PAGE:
If getting out of bed every morning is a demanding task, or on the contrary if you start to feel drowsy right after dinner time, this might be linked to your sleep chronotype, otherwise knows as your unique sleep schedule. The concept of sleep chronotypes categorises individuals based on their preferred timing of sleep and wakefulness. While different models and frameworks exist, one commonly referenced model identifies four main sleep chronotypes. These chronotypes are often referred to as Lion "The Power Hour," Dolphin "The Early Bird," Wolf "The Night Owl," and Bear "The Sleepless Elite."
The Power Hour (Lion): Individuals with the Power Hour chronotype tend to be early risers and experience peak alertness and productivity during the early morning hours. They typically wake up naturally with the sunrise and feel most energised in the morning, they then start to feel run down in the early evening.
The Early Bird (Dolphin): The Early Bird chronotype reflects individuals who have a preference for waking up early but may experience frequent awakenings and have difficulties maintaining consistent sleep patterns. They are often light sleepers, sensitive to noise and environmental factors, and may have a more irregular sleep schedule.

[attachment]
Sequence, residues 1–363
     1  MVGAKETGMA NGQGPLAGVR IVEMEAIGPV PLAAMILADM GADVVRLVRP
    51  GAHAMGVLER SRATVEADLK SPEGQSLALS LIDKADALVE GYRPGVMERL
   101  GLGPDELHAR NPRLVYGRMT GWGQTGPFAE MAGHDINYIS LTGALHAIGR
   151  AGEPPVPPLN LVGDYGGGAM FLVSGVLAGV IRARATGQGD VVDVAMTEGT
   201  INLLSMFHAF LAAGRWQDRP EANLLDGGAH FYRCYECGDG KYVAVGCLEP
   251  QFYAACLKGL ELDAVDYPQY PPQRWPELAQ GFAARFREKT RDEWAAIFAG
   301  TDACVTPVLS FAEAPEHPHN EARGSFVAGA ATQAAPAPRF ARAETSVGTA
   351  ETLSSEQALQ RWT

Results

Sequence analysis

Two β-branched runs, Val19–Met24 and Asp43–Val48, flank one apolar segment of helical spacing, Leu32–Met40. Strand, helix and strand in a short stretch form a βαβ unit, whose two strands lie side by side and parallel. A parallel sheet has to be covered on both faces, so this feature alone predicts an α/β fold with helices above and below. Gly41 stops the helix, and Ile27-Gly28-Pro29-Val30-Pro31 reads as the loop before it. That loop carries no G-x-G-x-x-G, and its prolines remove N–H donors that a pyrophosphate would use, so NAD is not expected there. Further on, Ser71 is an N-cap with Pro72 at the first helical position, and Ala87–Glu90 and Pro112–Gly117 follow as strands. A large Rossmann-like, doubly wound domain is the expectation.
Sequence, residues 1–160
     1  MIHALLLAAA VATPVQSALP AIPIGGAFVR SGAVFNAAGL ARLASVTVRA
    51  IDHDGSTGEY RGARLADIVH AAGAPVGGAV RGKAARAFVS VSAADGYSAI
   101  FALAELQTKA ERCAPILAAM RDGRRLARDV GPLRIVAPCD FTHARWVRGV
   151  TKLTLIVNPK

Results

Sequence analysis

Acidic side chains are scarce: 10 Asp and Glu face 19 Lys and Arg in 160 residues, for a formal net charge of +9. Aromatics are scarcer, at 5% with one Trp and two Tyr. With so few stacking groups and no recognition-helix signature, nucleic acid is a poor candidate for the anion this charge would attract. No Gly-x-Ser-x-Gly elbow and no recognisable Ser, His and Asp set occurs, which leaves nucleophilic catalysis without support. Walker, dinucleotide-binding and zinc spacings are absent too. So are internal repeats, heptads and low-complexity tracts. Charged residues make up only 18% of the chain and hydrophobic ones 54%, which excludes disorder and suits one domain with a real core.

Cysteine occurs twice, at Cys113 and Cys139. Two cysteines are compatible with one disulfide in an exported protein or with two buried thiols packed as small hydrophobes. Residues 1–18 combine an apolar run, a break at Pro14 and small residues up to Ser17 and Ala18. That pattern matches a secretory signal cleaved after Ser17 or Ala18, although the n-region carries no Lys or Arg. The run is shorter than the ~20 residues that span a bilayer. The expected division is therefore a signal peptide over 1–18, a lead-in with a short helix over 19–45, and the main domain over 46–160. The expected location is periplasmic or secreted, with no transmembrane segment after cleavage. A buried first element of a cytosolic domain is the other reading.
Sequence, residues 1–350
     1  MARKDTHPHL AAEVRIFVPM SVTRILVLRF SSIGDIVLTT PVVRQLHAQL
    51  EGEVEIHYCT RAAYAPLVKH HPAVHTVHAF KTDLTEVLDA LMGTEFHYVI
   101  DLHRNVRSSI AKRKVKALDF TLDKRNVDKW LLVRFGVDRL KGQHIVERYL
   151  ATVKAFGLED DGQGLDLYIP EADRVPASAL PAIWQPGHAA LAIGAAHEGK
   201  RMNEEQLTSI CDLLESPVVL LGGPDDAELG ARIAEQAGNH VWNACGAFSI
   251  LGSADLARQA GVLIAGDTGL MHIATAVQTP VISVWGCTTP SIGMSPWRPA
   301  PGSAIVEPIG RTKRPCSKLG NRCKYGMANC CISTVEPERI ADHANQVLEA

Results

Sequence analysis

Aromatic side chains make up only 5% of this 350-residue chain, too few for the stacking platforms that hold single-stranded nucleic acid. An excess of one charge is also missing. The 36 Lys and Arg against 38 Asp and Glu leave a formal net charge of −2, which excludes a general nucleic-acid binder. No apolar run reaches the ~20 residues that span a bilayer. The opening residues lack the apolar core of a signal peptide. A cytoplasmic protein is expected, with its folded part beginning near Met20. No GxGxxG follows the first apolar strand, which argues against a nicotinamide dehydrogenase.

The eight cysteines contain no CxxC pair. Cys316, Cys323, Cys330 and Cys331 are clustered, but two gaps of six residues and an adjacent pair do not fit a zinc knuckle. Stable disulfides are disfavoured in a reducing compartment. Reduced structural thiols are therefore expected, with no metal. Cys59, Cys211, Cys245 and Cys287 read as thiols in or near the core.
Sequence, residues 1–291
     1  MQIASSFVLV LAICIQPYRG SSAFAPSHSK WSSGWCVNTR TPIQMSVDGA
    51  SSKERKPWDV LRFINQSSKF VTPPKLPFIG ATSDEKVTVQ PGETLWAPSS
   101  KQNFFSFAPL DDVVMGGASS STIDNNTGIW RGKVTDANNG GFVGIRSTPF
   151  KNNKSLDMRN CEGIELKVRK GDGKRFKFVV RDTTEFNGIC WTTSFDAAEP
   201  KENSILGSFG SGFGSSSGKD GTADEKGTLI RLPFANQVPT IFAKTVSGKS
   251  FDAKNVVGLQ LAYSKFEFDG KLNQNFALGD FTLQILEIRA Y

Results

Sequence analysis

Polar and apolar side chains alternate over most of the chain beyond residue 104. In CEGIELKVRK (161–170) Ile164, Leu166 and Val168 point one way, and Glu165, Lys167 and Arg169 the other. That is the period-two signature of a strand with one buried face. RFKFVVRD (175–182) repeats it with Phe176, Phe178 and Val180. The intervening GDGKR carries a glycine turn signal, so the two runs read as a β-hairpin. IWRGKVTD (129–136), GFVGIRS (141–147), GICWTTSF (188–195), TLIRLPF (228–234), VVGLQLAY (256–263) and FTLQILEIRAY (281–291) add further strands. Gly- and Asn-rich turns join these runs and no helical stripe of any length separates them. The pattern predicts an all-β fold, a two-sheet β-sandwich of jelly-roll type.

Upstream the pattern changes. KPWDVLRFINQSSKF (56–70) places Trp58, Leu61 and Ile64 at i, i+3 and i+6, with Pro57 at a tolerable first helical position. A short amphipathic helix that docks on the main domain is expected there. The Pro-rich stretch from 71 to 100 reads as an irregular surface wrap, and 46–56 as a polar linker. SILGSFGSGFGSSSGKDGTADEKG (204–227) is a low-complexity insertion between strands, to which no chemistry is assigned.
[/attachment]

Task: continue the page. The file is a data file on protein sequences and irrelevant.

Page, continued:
The Night Owl (Wolf): The Night Owl chronotype refers to individuals who have a delayed sleep-wake cycle, preferring to stay awake and be active during the evening and nighttime hours. They often struggle with early morning commitments and may find it challenging to wake up and be alert in the morning.
The Sleepless Elite (Bear): The Sleepless Elite chronotype represents individuals who have a relatively balanced sleep-wake pattern, aligning with traditional societal norms. They have a moderate preference for both mornings and evenings, tend to wake up and fall asleep at reasonable hours, and generally experience good sleep quality. They are a majority in the global population and today's 9.00-17.00 society is built around their chronotype.
It's important to note that these chronotypes are not rigid categories, and individuals may exhibit variations and characteristics of multiple chronotypes. Additionally, research suggests that chronotypes can change over time due to various factors such as age, lifestyle, and environmental influences.
What sleep chronotype are you?